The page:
Friday, September 29, 2006

Rebel Negotiators Pull Out of Peace Talks After Cease-fire Ends in Northeastern India

As reported by the Associated Press; Sept. 28, 2006

Separatist rebel negotiators pulled out of peace talks with the Indian government after New Delhi scrapped a cease-fire and resumed military operations in the strife-torn northeastern state of Assam, negotiators said.

Members of the Peoples Consultative Group, a team of negotiators appointed by rebels of the outlawed United Liberation Front of Asom or ULFA, said Wednesday they were withdrawing from the talks because the government had reneged on its commitments.

"We have to pull out of the peace process with New Delhi because the government has put preconditions which were not in the spirit of the discussions of the past year," said one of the negotiators, Dilip Patgiri.

Dozens of insurgencies have festered for years across India's seven northeastern states, including Assam. Nearly all the rebel groups are fighting for autonomy or independent homelands for indigenous peoples.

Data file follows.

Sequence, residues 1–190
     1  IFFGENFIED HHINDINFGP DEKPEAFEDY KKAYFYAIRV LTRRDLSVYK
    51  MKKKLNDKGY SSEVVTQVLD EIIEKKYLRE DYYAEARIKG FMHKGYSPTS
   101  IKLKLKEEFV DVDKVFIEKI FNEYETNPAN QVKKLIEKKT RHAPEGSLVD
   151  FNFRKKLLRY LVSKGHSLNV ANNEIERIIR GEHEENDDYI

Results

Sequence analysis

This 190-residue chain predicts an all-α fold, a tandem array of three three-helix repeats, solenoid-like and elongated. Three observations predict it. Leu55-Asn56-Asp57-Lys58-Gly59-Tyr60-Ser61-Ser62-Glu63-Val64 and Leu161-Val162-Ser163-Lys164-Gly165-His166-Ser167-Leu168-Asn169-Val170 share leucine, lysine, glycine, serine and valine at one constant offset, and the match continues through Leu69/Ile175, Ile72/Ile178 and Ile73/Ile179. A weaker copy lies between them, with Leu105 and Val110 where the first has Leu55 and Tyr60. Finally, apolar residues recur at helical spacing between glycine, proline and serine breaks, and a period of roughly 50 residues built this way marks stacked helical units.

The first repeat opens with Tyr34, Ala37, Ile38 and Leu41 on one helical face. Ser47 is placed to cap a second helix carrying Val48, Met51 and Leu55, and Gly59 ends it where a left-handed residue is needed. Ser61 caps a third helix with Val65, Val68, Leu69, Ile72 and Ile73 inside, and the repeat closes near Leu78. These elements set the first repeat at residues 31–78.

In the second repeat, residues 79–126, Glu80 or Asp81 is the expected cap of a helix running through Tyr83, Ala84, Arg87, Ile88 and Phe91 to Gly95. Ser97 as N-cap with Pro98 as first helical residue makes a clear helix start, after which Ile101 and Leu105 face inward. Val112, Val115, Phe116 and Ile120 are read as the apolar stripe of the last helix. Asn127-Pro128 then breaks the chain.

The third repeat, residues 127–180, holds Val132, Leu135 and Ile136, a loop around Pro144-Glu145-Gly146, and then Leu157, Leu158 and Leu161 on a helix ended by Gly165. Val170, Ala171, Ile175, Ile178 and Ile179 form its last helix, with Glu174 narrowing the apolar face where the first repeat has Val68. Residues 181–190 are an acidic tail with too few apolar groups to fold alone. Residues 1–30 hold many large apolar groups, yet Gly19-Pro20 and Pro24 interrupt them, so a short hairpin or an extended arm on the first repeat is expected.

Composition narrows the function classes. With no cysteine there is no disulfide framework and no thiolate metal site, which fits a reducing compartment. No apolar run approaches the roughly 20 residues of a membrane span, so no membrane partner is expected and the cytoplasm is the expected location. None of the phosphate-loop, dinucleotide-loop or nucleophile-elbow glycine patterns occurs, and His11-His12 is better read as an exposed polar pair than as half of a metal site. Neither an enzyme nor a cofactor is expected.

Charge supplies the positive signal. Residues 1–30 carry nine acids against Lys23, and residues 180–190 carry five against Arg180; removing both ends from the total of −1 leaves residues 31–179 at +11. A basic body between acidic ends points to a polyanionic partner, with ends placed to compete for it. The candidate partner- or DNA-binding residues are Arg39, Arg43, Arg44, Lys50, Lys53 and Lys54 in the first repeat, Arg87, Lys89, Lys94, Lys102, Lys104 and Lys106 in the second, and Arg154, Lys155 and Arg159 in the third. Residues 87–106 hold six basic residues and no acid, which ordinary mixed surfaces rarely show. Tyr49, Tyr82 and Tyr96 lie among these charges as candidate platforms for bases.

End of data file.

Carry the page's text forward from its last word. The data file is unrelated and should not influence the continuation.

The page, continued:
The militants say the central government in New Delhi -- 1,600 kilometers (1,000 miles) to the west -- exploits the northeast's rich natural resources and does little to improve its poor infrastructure and alleviate widespread unemployment.

The ULFA had appointed the nine-member team in September 2005 to prepare the ground for direct peace talks between the rebels and the government. After three rounds of talks over the past year, the government unilaterally declared a temporary truce on Aug. 13.

The ULFA reciprocated five days later, saying it also would halt attacks. Federal authorities extended the temporary truce three times, with the last extension ending Sept. 20.

However, the truce was called off on Sunday after ULFA rebels attacked a police patrol and killed a tea planter following a failed extortion attempt.

"The ULFA was indulging in extortion and were trying to regroup during the halt in military operations," said Assam's police chief, D.N. Dutt.

The government wants the rebels to pledge in writing their willingness to start peace talks, a demand that the rebels say is new and unnecessary.

At least two ULFA militants have been killed since the resumption of military operations on Sunday and several are in custody.